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USDA Invests in Rural Critical Community Infrastructure for the City of Sacred Heart

Nikki Gillespie
Release Date

Street Repairs Will Benefit Nearly 500 People and Help the Community Thrive  

   ST. PAUL, Minn., Nov. 18, 2019 – U.S. Department of Agriculture (USDA) Rural Development State Director for Minnesota Brad Finstad today announced a $1.7 million investment to improve critical infrastructure in the city of Sacred Heart.

   “Modern infrastructure is essential to the continued prosperity of any community,” Finstad said. “Under the leadership of USDA Deputy Under Secretary for Rural Development Donald “DJ” LaVoy and Agriculture Secretary Perdue, USDA is committed to partnering with rural communities in building and modernizing facilities and creating jobs and educational opportunities.”

   The city of Sacred Heart will use a $1.7 million loan to rehabilitate and reconstruct city streets that were disturbed during water and storm sewer infrastructure construction funded by Rural Development in 2014, 2015 and 2017. This project will help restore the streets in order to convey traffic and provide storm water removal to protect existing property.

   Finstad’s announcement is in coordination with Deputy Under Secretary for Rural Development LaVoy’s recent announcement that USDA is investing $394 million to improve critical community facilities, benefitting 1.6 million in 28 states and the Commonwealth of Puerto Rico: Alabama, Colorado, Delaware, Florida, Georgia, Hawaii, Idaho, Illinois, Kansas, Kentucky, Louisiana, Maine, Michigan, Minnesota, North Carolina, North Dakota, New Jersey, New Mexico, New York, Ohio, Pennsylvania, South Carolina, Tennessee, Texas, Utah, Virginia, Vermont and West Virginia.

USDA is making the investments through the Community Facilities Direct Loan Program.

Below are examples of projects being funded in other states:

  • The Morrison Community Hospital District in Illinois will use a $19.2 million loan to expand and renovate the local hospital to accommodate a new emergency services department, a mental health room, relocate the business and administrative offices, and add a surgical suite. Other improvements include remodeling the front entrance and lab services department, adding an elevator and replacing the roof.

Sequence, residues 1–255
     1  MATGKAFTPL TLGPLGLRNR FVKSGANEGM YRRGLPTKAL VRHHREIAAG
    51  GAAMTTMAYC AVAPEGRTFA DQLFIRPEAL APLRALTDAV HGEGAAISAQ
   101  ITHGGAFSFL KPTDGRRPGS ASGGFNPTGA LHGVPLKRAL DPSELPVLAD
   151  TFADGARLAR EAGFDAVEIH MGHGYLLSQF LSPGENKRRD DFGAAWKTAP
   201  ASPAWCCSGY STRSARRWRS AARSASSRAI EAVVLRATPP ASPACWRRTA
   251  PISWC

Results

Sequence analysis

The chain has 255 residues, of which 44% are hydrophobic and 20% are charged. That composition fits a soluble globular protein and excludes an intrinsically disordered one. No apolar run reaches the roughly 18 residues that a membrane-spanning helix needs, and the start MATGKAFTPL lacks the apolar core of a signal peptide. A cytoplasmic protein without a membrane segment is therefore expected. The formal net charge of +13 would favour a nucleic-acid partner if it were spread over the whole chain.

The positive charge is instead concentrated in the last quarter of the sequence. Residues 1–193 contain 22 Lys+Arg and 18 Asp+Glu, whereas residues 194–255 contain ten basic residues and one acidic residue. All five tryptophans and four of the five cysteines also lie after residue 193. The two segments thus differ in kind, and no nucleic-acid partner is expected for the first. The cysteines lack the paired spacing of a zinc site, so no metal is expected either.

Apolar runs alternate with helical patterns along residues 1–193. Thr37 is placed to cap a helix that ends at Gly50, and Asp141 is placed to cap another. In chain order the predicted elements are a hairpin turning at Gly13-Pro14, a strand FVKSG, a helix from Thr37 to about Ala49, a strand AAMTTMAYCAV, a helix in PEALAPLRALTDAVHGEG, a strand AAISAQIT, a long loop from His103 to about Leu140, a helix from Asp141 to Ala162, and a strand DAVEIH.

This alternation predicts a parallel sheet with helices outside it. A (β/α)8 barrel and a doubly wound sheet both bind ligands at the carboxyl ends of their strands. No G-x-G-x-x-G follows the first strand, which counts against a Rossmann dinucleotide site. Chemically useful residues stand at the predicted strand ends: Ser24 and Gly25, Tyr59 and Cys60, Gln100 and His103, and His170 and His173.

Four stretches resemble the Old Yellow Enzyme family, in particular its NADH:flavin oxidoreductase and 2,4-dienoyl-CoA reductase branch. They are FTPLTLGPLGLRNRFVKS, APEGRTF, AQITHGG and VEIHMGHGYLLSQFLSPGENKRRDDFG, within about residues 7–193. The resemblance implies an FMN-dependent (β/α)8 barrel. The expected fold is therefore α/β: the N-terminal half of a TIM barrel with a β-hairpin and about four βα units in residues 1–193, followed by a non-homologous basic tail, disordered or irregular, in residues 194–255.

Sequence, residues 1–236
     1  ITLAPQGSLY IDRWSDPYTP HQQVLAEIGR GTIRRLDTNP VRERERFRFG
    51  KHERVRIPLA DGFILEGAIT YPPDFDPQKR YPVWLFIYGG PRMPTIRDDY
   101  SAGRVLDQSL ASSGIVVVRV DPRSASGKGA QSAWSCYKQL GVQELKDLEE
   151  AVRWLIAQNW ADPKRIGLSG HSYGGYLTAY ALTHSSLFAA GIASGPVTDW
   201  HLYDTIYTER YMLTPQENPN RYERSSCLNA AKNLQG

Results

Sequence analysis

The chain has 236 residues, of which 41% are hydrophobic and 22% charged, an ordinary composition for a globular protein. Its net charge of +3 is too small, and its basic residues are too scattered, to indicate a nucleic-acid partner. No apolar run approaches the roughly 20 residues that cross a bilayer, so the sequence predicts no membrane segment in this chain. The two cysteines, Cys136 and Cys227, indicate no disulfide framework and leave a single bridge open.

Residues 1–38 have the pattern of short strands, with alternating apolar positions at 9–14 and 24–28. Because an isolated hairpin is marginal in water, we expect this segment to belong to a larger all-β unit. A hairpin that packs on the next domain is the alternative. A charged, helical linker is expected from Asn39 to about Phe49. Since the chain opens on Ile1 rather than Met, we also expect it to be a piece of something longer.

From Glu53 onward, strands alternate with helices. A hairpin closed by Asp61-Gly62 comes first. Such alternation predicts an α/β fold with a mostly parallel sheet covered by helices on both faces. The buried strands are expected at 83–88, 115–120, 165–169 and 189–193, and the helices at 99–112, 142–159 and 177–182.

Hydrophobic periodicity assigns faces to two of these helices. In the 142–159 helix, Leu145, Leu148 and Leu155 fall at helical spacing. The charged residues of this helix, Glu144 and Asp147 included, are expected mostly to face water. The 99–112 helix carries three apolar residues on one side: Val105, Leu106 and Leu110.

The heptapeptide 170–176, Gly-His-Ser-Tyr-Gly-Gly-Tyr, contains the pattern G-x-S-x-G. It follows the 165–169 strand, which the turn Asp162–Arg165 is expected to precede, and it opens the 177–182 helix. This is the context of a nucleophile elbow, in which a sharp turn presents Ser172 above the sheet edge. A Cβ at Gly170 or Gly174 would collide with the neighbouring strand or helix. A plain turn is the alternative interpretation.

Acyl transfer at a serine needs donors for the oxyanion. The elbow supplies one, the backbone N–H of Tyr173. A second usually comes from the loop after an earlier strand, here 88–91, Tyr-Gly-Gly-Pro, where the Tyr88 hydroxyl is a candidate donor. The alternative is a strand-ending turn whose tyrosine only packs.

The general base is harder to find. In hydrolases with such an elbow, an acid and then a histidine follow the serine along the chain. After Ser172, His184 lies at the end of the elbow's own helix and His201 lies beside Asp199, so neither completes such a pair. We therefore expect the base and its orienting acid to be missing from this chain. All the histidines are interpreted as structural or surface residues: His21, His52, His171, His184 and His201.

• The Hospital Development Company in Spencer, W.Va., will use a $20.3 million loan to modernize an emergency department and create an urgent care walk-in clinic. A medical office building will be built nearby to house primary care and specialty clinics. 
  • The city of Lakeland, Tenn., will use a $60 million loan to construct a high school and refinance middle school debt. Constructing the school will relieve classroom overcrowding.

  More than 100 types of projects are eligible for Community Facilities program funding. Eligible applicants include municipalities, public bodies, nonprofit organizations and federally recognized Native American tribes. Projects must be in rural areas with a population of 20,000 or less.

   Interested parties should contact their local USDA Rural Development area office for information about additional funding, application procedures and eligibility details. Also see the Community Facilities Direct Loan Program Guidance Book for Applicants, a detailed overview of the application process.

   Additional set-aside funding of $150 million in grants through USDA’s Community Facilities is also available for designated disaster areas. View the complete list of designated communities in Minnesota. Grant applications will be accepted on a continual basis until funds are exhausted and will be provided on a graduated scale; smaller communities with the lowest median household income are eligible for a higher proportion of grant funds. For application details and additional information, see page 47477 of the Sept. 10 Federal Register.  

   USDA Rural Development provides loans and grants to help expand economic opportunities and create jobs in rural areas. This assistance supports infrastructure improvements; business development; housing; community facilities such as schools, public safety and health care; and high-speed internet access in rural areas. For more information, visit www.rd.usda.gov/mn.

   In April 2017, President Donald J. Trump established the Interagency Task Force on Agriculture and Rural Prosperity to identify legislative, regulatory and policy changes that could promote agriculture and prosperity in rural communities. In January 2018, Secretary Perdue presented the Task Force’s findings to President Trump. These findings included 31 recommendations to align the federal government with state, local and tribal governments to take advantage of opportunities that exist in rural America. Increasing investments in rural infrastructure is a cornerstone recommendation of the task force.

   To view the report in its entirety, please view the Report to the President of the United States from the Task Force on Agriculture and Rural Prosperity (PDF, 5.4 MB). In addition, to view the categories of the recommendations, please view the Rural Prosperity infographic (PDF, 190 KB).